Although the beginning of 2020 got off to a promising start for the U.S.-China trade, Covid-19 has completely disrupted the market and is jeopardizing phase 1 of the agreement that the two countries signed in January.
Complicating things further, a diplomatic conflagration has broken out between the countries. The U.S. leveled accusations at Beijing for being responsible for the outbreak of the pandemic and has ordered China to withdraw a number of its U.S.-based employees. China had previously expelled several Wall Street Journal reporters.
China's commitments hanging in the balance
As part of the January agreement, China committed to purchasing $200 billion more in farm goods over the 2017 benchmark year. Clearly, with travel bans, quarantines and supply chain disruptions, China will have difficulty fulfilling its obligations, even without a diplomatic scuffle underway.
As of this writing, there is a glimmer of good news emanating from China relating to fewer confirmed cases of Covid-19. However, the economy suffered and there have been thousands of businesses that either closed or experienced major disruptions for their operations. Estimates for the Chinese economy indicate a projected 9% decline in GDP for Q1 of 2020.
The ripple effect of business closures created an uncertain timeline for finalizing the terms of the trade agreement. Even for companies that intend to restore U.S. farm purchases are having trouble sustaining their commitment since domestic Chinese demand contracted.
Also, Chinese exports contracted by 17.2% for the first two months of 2020 from the prior year. Fortunately, there are provisions that are part of the new agreement that allow for extending the term for fulfilling its covenants. Due to the effects of the pandemic, these provisions are almost certain to be invoked. Recently, China is making some purchases of U.S. farm products, so they are making an attempt to honor the agreement in spite of the challenges.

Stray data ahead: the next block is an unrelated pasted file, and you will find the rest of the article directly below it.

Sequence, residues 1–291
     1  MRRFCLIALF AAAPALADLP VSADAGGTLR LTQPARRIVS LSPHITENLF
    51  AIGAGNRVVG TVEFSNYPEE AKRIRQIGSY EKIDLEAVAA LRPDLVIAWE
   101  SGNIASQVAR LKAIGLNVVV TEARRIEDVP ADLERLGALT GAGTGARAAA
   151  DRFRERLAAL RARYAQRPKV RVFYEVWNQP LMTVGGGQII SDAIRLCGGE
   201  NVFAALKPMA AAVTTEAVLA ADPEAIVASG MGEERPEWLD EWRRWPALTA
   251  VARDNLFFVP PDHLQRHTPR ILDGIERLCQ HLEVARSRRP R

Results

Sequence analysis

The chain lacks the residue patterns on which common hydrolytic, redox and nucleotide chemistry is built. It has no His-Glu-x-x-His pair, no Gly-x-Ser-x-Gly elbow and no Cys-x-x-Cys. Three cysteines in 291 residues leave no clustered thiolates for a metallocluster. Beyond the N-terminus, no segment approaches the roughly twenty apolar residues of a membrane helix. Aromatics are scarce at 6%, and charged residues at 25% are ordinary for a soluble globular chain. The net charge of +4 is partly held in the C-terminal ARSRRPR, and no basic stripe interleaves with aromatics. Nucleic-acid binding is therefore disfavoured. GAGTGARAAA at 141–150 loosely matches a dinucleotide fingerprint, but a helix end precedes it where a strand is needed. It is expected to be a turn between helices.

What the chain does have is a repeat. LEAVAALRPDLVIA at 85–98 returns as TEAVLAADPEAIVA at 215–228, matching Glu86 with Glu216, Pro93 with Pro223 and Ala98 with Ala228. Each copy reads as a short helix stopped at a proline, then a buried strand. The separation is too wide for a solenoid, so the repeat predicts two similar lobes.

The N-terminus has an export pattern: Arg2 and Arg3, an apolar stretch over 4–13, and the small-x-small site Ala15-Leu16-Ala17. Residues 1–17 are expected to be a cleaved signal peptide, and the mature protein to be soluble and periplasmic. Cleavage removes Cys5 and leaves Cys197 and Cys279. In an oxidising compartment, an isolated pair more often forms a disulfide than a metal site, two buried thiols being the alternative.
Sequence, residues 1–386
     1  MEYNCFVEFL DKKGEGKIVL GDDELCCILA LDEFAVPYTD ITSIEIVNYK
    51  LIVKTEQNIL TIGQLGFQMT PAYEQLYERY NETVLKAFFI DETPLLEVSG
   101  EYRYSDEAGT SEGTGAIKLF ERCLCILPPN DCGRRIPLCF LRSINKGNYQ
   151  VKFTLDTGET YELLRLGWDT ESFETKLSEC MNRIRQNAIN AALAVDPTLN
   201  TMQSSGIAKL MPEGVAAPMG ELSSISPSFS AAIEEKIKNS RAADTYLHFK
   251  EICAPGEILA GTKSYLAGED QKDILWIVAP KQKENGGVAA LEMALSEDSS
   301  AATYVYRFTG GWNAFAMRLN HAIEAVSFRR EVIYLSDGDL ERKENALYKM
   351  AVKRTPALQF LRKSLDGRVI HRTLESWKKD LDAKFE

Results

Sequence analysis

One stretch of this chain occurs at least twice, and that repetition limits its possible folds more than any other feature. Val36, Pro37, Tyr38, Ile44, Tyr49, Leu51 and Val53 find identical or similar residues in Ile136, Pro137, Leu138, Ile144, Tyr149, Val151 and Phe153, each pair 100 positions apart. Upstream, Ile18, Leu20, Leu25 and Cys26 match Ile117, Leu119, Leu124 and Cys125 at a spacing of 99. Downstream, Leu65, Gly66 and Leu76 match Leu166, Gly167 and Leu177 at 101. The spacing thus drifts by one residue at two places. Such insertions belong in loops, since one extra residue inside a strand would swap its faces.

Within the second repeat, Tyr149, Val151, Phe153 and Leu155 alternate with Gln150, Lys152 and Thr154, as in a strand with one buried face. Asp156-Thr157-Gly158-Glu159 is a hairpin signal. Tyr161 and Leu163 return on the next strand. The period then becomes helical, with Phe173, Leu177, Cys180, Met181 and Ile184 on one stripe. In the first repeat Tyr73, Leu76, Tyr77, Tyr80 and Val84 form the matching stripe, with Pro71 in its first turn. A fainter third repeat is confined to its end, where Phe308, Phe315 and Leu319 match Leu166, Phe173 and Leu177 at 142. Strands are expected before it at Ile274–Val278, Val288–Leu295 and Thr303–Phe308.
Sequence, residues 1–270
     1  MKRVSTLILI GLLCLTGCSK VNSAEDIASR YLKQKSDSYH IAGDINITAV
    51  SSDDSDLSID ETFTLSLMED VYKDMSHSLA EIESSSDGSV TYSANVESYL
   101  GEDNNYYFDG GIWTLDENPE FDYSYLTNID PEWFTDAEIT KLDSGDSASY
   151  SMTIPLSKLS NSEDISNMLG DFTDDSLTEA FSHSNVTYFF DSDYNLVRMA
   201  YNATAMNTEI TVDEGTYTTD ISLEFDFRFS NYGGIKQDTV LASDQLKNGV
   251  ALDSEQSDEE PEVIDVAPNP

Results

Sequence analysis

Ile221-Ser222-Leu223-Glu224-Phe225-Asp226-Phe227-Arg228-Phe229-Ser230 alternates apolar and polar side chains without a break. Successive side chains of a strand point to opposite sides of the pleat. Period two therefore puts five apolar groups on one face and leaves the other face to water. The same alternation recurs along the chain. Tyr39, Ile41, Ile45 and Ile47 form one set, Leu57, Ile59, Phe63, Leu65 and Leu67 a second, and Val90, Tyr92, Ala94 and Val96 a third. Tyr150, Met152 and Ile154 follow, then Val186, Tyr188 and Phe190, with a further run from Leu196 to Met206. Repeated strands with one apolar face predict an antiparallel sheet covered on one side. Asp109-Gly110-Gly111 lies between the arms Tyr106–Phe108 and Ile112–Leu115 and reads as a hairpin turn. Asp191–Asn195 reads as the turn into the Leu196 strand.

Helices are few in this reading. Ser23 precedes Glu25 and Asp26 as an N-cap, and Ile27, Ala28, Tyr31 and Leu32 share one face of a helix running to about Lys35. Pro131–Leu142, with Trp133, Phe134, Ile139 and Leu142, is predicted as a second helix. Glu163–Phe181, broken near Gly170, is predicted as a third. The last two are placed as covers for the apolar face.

In addition to farm products, the bill includes provisions relating to seafood, energy, steel, machinery and aircraft products. Undoubtedly, non-farm products will also feel the sting, perhaps more than basic commodities like soybeans and pork products.
Chinese - U.S. trade for the coming years
Even before the virus disruption, the new bill had limited commitments from China. The prospective new purchases only were drawn out through 2021, and the agreement does not include any specific requirements beyond that, only stipulating that there is intent to continue the trajectory of purchases through 2025.
Among farmers and their representatives in government, there is some concern that tethering farm purchases to diplomacy places farmers in a fragile position. On the flip side, China agreed to relax or eliminate a number of health standards that had previously been invoked as a pretext for blocking the importation of certain farm products. Observers noted there is extensive reciprocity between the countries relating to relaxed import standards for a variety of staple products like milk, chicken and beef.
The enforcement of the agreement is left to the two parties, and unlike previous agreements, it does not include a provision to revert to a third-party for mediation. In this sense, there is little remedy for enforcement other than to revert to the same policies that induced the trade war in the first instance. Farmers will need to watch the market carefully and hope for controlling the pandemic before it creates systemic and long-term trade disruption.
Stay up-to-date on farm issues at Halderman Real Estate and Farm Management.